Sitka officials urge wearing masks amid spike in virus cases

·2 min read

SITKA, Alaska (AP) — Masks are now required in city buildings in Sitka after a spike of 60 new COVID-19 cases in the last week.

“Mask up, whether you are vaccinated or not,” said Craig Warren, the emergency operations center incident commander. City officials said 18 of the 60 new cases were reported in people who were fully vaccinated.

City Administrator John Leach said masks will be required in city buildings “if social distancing of at least 6 feet or more between individuals cannot be maintained,” the Daily Sitka Sentinel reported.

The action comes after he said most citizens have done their part to help stop the virus' spread.

“I must take this action to ensure the safety of our community, help our recovering economy, safely welcome back tourism and allow our kids to get back to a normal school year,” Leach said in a statement.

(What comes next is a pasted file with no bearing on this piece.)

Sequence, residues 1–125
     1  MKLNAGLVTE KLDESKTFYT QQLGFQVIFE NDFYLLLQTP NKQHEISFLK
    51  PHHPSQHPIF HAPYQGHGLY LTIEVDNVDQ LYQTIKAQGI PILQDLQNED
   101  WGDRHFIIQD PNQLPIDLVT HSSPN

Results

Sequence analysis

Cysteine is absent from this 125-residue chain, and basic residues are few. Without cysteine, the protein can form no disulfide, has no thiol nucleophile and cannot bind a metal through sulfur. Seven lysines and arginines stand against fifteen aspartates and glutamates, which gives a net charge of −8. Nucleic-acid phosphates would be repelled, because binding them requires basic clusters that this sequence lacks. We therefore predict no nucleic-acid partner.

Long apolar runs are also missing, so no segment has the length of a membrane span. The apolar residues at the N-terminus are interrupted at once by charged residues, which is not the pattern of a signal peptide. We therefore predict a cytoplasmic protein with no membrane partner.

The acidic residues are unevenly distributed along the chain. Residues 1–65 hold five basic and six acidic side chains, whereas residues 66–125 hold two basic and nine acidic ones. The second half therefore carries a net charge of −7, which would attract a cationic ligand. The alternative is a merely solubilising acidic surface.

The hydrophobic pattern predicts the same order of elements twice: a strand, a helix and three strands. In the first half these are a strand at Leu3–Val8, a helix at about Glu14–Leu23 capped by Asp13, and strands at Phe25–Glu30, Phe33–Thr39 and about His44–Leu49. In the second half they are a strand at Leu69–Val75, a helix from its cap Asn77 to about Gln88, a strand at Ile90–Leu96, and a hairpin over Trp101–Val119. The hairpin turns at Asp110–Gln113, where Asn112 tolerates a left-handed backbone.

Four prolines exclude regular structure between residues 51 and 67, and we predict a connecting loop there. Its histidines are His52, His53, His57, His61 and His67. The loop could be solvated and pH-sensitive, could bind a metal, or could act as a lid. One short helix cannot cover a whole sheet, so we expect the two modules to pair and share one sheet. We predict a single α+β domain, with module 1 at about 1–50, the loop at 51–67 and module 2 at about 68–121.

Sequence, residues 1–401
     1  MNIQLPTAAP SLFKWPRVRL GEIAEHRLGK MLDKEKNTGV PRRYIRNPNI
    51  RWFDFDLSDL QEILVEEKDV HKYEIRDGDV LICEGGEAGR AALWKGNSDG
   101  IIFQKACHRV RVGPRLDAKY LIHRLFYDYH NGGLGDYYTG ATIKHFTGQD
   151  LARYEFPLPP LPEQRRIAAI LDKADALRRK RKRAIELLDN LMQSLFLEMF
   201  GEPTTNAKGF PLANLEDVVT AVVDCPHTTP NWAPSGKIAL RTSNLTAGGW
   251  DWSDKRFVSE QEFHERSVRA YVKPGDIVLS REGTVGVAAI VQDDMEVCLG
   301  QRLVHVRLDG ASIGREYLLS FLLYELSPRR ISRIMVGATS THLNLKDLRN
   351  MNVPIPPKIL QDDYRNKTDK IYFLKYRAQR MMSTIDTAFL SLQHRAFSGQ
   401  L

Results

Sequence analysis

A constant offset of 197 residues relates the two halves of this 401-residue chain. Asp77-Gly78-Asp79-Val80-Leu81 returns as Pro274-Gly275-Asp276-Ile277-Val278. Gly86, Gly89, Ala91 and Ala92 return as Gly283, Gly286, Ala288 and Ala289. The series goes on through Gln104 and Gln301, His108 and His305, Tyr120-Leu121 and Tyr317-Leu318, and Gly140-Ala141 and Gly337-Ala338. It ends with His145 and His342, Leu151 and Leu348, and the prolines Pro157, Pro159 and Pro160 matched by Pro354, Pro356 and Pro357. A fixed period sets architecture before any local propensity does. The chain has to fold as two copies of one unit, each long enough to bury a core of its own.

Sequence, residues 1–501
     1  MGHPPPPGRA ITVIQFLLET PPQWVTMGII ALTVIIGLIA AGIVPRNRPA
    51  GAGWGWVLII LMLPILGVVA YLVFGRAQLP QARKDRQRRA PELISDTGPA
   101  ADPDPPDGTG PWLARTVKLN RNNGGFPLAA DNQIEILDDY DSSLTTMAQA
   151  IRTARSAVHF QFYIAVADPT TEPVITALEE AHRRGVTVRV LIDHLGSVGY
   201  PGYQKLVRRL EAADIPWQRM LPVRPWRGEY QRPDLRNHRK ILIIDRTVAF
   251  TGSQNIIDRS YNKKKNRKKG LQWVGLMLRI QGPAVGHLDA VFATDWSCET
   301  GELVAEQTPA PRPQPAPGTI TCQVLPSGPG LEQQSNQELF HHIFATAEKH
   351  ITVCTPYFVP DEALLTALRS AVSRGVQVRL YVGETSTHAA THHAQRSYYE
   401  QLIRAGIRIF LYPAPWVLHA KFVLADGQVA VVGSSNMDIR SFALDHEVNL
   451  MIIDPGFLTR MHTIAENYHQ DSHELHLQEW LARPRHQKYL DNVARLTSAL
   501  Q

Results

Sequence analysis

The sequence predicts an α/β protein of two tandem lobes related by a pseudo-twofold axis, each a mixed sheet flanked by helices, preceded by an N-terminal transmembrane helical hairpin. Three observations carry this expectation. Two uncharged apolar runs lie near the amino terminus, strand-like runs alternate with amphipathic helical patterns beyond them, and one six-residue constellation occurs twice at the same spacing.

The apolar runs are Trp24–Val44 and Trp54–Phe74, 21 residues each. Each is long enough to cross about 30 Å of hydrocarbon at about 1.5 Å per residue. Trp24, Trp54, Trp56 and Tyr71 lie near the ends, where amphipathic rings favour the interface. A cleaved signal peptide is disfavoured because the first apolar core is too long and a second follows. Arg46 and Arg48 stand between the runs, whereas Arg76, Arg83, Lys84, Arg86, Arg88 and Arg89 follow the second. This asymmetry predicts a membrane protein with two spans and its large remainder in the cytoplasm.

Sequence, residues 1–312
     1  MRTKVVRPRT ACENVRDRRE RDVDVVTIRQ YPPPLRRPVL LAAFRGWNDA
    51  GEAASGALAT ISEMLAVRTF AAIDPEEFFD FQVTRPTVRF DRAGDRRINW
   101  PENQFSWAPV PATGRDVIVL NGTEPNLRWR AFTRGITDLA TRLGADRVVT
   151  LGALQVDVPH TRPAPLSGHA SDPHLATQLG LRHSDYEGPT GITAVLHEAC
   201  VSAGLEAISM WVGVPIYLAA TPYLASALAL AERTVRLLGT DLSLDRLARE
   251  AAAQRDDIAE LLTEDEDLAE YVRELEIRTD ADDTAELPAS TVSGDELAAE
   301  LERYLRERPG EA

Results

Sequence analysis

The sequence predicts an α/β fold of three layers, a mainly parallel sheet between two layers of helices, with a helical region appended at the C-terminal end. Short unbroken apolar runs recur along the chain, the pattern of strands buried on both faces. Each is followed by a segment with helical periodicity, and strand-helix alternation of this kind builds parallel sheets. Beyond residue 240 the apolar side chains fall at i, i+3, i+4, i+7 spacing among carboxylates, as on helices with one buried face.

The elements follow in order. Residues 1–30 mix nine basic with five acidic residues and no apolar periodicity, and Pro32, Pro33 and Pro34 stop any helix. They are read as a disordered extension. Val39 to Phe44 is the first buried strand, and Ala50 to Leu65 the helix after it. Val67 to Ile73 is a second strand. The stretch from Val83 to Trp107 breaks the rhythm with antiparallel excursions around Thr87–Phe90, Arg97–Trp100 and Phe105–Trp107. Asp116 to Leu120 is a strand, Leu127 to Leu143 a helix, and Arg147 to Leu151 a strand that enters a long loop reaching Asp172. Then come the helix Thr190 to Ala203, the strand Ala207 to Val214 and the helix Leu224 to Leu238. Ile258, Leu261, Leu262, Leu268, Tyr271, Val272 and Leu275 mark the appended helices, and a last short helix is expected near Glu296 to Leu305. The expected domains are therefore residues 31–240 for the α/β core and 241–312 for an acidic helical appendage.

City officials said in a statement that the spike is not the failure of the vaccine. They said the vaccine does not provide 100% protection, but does decrease the severity of the illness, reduce hospitalizations and decrease the risk of death.

“Our current high alert level is not just people being sick at home; it’s also sick people wandering around our community,” Unified Command officials said in the statement. “In the past year, there were six cumulative hospitalizations that has now increased this week alone to 15. There was one hospitalized individual that was, in fact, vaccinated. Now is the time for concern. And now it’s time to rethink flattening the curve."

City officials are asking people to wear masks, whether or not they are vaccinated; to maintain distance in public places and to stay home if feeling ill.

Juneau officials on Thursday urged unvaccinated people who have traveled to Sitka, Anchorage and the Kenai Peninsula — three locations seeing spikes in cases — to take COVID-19 tests when arriving at Juneau International Airport. If other unvaccinated travelers did not get tested after visiting these locations in the last week, officials recommend they contact their local health providers.

The Associated Press

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